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Three new professorships to enhance the profile

(Vienna, 25 Feb. 2010) With three newly-created professorships, the Medical University of Vienna is extending the research and teaching competence of its research clusters: Siegfried Trattnig is being given the new Professorship of Radiology specialising in high-field MR, Harald Sitte that of Psychopharmacology, and Berthold Streubel is the Professor of Cytogenetics. All three experts have already used their know-how and innovation so far for the benefit of MedUni Vienna.

Siegfried Trattnig, Professor of Radiology specialising in high-field MR
Univ. Prof. Dr. Trattnig is a pioneer in the field of multiparametric or biochemical imaging of the cartilage and spinal disc with MR sequence and method development on the basis of translational research, i.e. clinically oriented research. His global expertise is reflected in many functions in international societies and reviewer work for renowned scientific journals and research funds, including the National Institute of Health (NIH). Thanks to his research work, the centre of excellence for high-field MR at MedUni Vienna, which has also been equipped with one of the world's first 7 Tesla ultrahigh-field magnetic resonance tomographs since autumn 2008, is one of the leading international centres for advanced musculoskeletal MR with particular expertise in multiparametric or biochemical MR imaging. On his next targets Trattnig explains: "Together with my position as head of the centre of excellence for high-field MR, I want to establish this as a clinical imaging centre for 7 Tesla recognised throughout the world." Trattnig also wants to extend the international cooperation projects in the ultrahigh-field MR sector and further strengthen Vienna as a test site for companies which manufacture coils for 7 Tesla.

Harald Sitte, Professor of Psychopharmacology
Univ. Prof. Dr. Harald Sitte works at the Centre for Physiology and Pharmacology, Institute of Pharmacology at MedUni Vienna and deals with the effect of amphetamines, cocaine and other psychotomimetic substances at the molecular level. The focus of his work based on sophisticated biochemical, microscopic, electrophysiological and molecular biological technologies is the study of the molecular characteristics of neurotransmitter transporters. These are proteins which are concentrated in synaptic structures and here are responsible for rapid removal of neurotransmitters (neuronal messengers) that are released by nerve cells with every electrical stimulation on their endings (synapses). Amphetamines and cocaine also interact mainly with these carrier proteins. While amphetamines are recognised by these proteins as a substrate and are therefore transported, cocaine on the other hand blocks these carrier proteins. "We are interested in understanding how the process of transport and transport blockade functions in atomic detail in order to finally bring this knowledge to the clinical level via the cellular level, and to explain desirable and also undesirable substance effects," says Sitte. As head of the special research area SFB35 »Transmembrane transporters in health and disease«, Sitte is looking for better integration and translation of basic research in structure/effect relationships and cell biology into clinical research.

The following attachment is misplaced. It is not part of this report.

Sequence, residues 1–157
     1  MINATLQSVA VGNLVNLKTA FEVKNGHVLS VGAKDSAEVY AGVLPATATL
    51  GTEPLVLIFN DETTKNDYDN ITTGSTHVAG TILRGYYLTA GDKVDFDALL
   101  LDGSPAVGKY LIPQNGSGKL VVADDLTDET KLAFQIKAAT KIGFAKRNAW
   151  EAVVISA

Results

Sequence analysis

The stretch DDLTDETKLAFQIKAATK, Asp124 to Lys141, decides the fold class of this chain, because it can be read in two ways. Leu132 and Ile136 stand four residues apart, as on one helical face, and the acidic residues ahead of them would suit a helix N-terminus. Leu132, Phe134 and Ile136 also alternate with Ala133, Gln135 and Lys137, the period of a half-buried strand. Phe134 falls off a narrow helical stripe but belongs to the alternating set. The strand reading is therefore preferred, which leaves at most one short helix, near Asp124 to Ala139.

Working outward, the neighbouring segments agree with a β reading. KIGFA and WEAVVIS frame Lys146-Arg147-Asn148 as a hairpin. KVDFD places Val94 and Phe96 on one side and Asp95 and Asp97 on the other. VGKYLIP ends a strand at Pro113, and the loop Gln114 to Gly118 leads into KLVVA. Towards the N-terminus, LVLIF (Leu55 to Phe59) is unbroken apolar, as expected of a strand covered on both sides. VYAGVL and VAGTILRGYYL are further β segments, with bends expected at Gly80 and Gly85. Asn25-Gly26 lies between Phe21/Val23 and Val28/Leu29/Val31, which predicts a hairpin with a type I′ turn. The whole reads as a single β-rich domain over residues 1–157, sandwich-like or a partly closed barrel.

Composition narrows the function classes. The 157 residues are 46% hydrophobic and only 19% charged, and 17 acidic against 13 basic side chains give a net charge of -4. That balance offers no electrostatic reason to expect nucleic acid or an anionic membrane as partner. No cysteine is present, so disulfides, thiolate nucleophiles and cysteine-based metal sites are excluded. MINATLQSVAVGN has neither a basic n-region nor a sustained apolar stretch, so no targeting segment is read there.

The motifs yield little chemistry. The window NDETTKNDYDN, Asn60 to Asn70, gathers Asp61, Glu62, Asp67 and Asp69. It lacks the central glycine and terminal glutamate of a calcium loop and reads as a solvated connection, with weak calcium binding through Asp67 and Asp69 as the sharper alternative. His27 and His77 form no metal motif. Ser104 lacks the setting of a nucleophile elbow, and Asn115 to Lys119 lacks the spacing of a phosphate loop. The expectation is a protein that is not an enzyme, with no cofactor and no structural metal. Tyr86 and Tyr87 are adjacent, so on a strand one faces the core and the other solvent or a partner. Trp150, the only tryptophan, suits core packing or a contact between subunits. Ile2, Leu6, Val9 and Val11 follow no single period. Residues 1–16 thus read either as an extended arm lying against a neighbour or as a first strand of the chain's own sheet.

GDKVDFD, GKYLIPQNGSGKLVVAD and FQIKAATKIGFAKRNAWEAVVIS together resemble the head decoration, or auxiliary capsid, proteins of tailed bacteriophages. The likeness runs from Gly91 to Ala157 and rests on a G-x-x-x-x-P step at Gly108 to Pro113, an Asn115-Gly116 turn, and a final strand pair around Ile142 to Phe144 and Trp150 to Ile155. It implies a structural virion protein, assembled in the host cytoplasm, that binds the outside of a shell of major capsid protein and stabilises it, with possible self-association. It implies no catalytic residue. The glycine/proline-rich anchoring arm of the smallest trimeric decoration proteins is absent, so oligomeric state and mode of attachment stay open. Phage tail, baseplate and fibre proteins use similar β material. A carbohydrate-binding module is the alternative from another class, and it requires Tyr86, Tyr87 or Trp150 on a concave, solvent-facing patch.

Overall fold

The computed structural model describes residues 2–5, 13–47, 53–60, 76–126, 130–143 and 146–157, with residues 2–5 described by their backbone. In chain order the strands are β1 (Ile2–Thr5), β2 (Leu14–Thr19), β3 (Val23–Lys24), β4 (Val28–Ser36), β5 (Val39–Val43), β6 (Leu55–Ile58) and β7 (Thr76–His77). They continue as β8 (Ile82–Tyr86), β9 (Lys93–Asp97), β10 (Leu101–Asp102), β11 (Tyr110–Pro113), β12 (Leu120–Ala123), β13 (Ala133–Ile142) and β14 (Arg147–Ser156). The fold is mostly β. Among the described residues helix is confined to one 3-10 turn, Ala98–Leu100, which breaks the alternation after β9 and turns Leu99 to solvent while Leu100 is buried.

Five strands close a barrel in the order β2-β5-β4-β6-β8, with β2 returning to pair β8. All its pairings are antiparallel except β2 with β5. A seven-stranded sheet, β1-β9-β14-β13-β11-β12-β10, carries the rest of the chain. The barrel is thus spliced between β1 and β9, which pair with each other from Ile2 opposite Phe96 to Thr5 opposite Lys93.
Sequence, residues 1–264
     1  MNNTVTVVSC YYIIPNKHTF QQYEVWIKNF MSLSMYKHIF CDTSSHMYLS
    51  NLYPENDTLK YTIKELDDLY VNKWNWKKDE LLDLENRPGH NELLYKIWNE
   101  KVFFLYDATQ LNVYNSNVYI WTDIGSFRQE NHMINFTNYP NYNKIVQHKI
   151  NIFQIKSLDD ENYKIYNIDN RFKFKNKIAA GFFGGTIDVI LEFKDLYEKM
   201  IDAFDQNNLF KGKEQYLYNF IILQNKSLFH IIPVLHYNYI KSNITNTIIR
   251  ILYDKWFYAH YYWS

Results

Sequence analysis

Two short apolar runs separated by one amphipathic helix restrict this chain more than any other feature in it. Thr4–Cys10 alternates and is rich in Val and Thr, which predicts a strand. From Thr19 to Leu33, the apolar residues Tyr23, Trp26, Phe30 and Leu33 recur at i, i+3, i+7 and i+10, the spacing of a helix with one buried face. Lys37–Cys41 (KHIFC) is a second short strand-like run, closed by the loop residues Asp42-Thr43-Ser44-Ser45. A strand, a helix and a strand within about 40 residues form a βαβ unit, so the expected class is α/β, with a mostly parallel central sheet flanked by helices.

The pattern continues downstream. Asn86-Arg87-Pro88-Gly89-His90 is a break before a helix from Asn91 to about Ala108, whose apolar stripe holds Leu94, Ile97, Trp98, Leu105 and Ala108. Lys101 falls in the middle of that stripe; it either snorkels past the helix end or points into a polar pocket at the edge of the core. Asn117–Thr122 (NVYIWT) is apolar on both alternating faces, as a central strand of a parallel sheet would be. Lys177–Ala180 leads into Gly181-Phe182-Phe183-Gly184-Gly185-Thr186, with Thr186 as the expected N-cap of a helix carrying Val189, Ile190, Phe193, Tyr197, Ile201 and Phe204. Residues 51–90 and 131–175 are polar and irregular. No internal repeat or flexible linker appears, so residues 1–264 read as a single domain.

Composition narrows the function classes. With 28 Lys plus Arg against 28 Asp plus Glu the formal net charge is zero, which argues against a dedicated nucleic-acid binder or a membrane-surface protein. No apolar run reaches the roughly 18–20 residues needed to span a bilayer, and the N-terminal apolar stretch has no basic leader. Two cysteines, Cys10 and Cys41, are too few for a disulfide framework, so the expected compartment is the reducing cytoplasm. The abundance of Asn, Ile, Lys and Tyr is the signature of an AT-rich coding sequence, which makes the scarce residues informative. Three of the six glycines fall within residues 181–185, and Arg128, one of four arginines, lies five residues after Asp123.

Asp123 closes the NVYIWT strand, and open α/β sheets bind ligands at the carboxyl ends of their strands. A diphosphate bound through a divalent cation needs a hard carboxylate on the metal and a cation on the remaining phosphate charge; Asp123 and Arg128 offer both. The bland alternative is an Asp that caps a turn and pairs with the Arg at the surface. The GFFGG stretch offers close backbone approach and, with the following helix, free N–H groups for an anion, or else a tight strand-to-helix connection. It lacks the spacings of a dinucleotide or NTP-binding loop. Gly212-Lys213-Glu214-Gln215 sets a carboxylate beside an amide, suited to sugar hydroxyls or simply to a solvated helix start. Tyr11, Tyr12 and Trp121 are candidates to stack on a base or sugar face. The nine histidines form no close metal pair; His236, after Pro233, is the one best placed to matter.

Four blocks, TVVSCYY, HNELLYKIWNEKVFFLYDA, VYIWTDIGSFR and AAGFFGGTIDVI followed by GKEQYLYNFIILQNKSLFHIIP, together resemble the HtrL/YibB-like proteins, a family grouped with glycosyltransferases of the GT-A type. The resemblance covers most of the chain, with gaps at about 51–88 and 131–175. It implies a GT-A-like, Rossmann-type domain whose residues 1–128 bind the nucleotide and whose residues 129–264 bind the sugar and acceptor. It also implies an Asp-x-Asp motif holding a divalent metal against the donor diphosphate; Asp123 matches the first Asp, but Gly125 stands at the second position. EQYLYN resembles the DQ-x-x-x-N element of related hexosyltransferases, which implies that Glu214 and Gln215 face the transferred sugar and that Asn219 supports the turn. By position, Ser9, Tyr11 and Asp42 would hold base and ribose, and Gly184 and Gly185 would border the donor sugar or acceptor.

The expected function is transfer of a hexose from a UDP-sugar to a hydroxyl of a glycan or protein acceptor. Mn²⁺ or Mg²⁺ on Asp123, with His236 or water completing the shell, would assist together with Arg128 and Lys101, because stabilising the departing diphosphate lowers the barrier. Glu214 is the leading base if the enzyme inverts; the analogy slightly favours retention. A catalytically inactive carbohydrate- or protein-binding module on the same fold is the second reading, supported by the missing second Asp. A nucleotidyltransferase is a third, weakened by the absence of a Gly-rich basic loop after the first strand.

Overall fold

Berthold Streubel, Professor of Cytogenetics
At the Clinical Institute of Pathology the human geneticist Univ. Prof. Dr. Berthold Streubel studies the connections between genetic and pathological data to discover new findings about the origin and classification of diseases. Areas he has concentrated on so far here are the characterisation of cytogenetic and molecular genetic changes in tumours and the molecular cytogenetic imaging of genetic changes in the tumour microenvironment. Since 2001 Streubel has headed the cytogenetic laboratory he set up at the Clinical Institute of Pathology, and in 2007 he also established a genetic laboratory at the Prince Court Medical Centre in Kuala Lumpur/Malaysia. The combination of genetics and pathology under the same structure is seen only rarely internationally. Here Streubel sees extensive possibilities with a wide range of tasks: "Starting from hereditary genetic diseases in the prenatal and postnatal area on to acquired genetic disease in terms of tumours, we can obtain new findings with the correlation of genetic and pathological data and in close cooperation with the clinics." As a vision Streubel sees "genome-based individualised medicine where comprehensive genetic characterisation of the individual patients should be possible."

Rector Wolfgang Schütz says on the appointments: "With the recently created professorships, MedUni Vienna has made key contributions to help shape modern, patient-oriented and individualised medicine, and will once again fulfil its role as the biggest medical school in the world."